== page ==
The Body (Buffy, Season 5, Episode 16)


This is the episode in which Buffy finds her mother’s body. The lack of a music soundtrack still strikes me, and was a brilliant move on Joss’s part.  I was also impressed by the camera angles and jerky filming in the opening scenes.  The script allowed each character a chance to express different aspects of the confusion and slow movement that follows news of a death. The acting skills of all who participated in the episode were solidly carried through.

Although vomiting featured in this episode, both at the dinner table and after Buffy finds her mother’s body and awaits the paramedics, I will not give an acupuncture prescription for this episode.  The physiology behind Buffy’s vomiting is concerned with the role that the Stomach plays in assimilating experiences as well as food. If an experience is too much to handle, then like having too much food, the Stomach qi will rebel, causing vomiting. Treating it at the time in happens, in a situation such as portrayed in this episode, is not generally appropriate.

However, I will note that the luo vessels in general are effective in treating counterflow conditions of the primary channels.  The physiological mechanism for this regulation relies on the transverse luo vessels, the vessels which connect same-phase (or same-element) yin-yang paired channels together.  Thus, if the Stomach channel were experiencing counterflow, moving upwards towards the face instead of downwards towards the feet, the point ST-40 siphons off the qi into the Spleen channel; the normal movement of the Spleen channel is to ascend to the face.  Likewise, if a person is experiencing counterflow of the SP channel, in which qi is moving downwards at a rapid pace (as in diarrhea, the SP qi failing to ascend), needling or bleeding SP-4 will siphon the downward moving qi into the Stomach channel, where it can once again ascend and restore proper equilibrium.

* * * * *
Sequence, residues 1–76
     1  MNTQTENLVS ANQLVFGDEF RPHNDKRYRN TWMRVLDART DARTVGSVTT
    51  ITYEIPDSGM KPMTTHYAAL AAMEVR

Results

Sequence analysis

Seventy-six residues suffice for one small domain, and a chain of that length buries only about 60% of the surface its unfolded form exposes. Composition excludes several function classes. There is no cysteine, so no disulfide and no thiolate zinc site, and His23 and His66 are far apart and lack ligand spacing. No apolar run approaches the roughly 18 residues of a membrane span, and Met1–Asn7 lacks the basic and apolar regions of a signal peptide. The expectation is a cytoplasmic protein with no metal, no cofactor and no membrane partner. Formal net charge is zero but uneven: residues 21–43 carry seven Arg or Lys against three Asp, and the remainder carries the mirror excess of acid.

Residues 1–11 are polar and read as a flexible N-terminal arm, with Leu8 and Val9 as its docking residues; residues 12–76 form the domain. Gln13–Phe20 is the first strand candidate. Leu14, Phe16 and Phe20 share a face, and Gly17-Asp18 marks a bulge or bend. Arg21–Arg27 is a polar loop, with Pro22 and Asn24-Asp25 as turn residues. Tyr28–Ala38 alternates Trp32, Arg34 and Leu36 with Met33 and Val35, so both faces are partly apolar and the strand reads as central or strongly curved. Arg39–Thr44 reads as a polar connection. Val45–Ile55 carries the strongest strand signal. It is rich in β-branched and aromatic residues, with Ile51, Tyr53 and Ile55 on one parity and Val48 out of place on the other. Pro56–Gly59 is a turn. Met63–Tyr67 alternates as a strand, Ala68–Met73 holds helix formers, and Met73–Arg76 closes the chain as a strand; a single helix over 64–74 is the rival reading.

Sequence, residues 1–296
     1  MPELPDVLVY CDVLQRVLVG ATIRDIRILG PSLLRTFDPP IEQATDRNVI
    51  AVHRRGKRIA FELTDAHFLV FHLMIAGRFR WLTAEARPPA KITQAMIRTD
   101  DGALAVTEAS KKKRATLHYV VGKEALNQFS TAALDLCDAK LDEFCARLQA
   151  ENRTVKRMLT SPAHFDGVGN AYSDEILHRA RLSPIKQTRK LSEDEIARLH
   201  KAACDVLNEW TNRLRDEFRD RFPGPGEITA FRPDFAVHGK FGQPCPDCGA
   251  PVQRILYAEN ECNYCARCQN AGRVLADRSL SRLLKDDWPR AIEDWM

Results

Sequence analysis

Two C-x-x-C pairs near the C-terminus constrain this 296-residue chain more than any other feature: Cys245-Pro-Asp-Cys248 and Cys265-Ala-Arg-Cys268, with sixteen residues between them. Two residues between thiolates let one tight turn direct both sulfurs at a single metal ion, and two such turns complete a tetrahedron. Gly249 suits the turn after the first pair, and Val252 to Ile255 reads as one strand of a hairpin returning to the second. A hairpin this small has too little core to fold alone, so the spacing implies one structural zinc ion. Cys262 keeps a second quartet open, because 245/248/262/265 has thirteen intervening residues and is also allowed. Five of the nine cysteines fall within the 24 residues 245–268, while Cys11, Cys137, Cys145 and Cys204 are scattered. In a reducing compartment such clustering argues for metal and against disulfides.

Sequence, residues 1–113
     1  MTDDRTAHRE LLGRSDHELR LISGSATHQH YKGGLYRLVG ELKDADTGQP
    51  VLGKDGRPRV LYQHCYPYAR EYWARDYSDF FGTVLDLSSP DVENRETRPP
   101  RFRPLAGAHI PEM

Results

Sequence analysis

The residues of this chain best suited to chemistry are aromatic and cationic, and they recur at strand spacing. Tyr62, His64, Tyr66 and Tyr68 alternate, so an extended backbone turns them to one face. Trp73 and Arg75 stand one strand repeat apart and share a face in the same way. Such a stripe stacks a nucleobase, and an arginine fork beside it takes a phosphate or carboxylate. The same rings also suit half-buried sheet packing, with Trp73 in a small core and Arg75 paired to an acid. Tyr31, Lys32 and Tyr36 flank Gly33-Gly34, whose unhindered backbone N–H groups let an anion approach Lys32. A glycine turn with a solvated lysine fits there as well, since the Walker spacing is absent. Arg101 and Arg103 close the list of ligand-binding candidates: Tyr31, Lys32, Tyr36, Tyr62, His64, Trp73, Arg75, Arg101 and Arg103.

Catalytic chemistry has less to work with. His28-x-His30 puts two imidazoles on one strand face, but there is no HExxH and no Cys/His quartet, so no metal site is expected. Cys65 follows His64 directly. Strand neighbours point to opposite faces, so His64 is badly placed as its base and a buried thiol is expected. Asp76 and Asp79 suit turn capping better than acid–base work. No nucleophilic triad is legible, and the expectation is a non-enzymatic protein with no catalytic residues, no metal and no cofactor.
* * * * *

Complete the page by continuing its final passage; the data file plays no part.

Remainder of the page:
As for herbal medicines for this episode — since full treatment is not advised — a simple wu wei zi tea may help calm the nerves, or settle the shen. However, even that, I would be hesitant to give someone who never drinks it, since the flavour may become associated with the time period. It is for this reason, perhaps, that certain cultures developed drinks which are only consumed when things are really, really bad.

As always, this post is for educational purposes only. If you feel Chinese medicine could help you, please find a qualified practitioner.  Celebrate life as it is lived.

Advertisements

Leave a Reply

Fill in your details below or click an icon to log in:

WordPress.com Logo

You are commenting using your WordPress.com account. Log Out / Change )

Twitter picture

You are commenting using your Twitter account. Log Out / Change )

Facebook photo

You are commenting using your Facebook account. Log Out / Change )

Google+ photo

You are commenting using your Google+ account. Log Out / Change )

Connecting to %s

%d bloggers like this: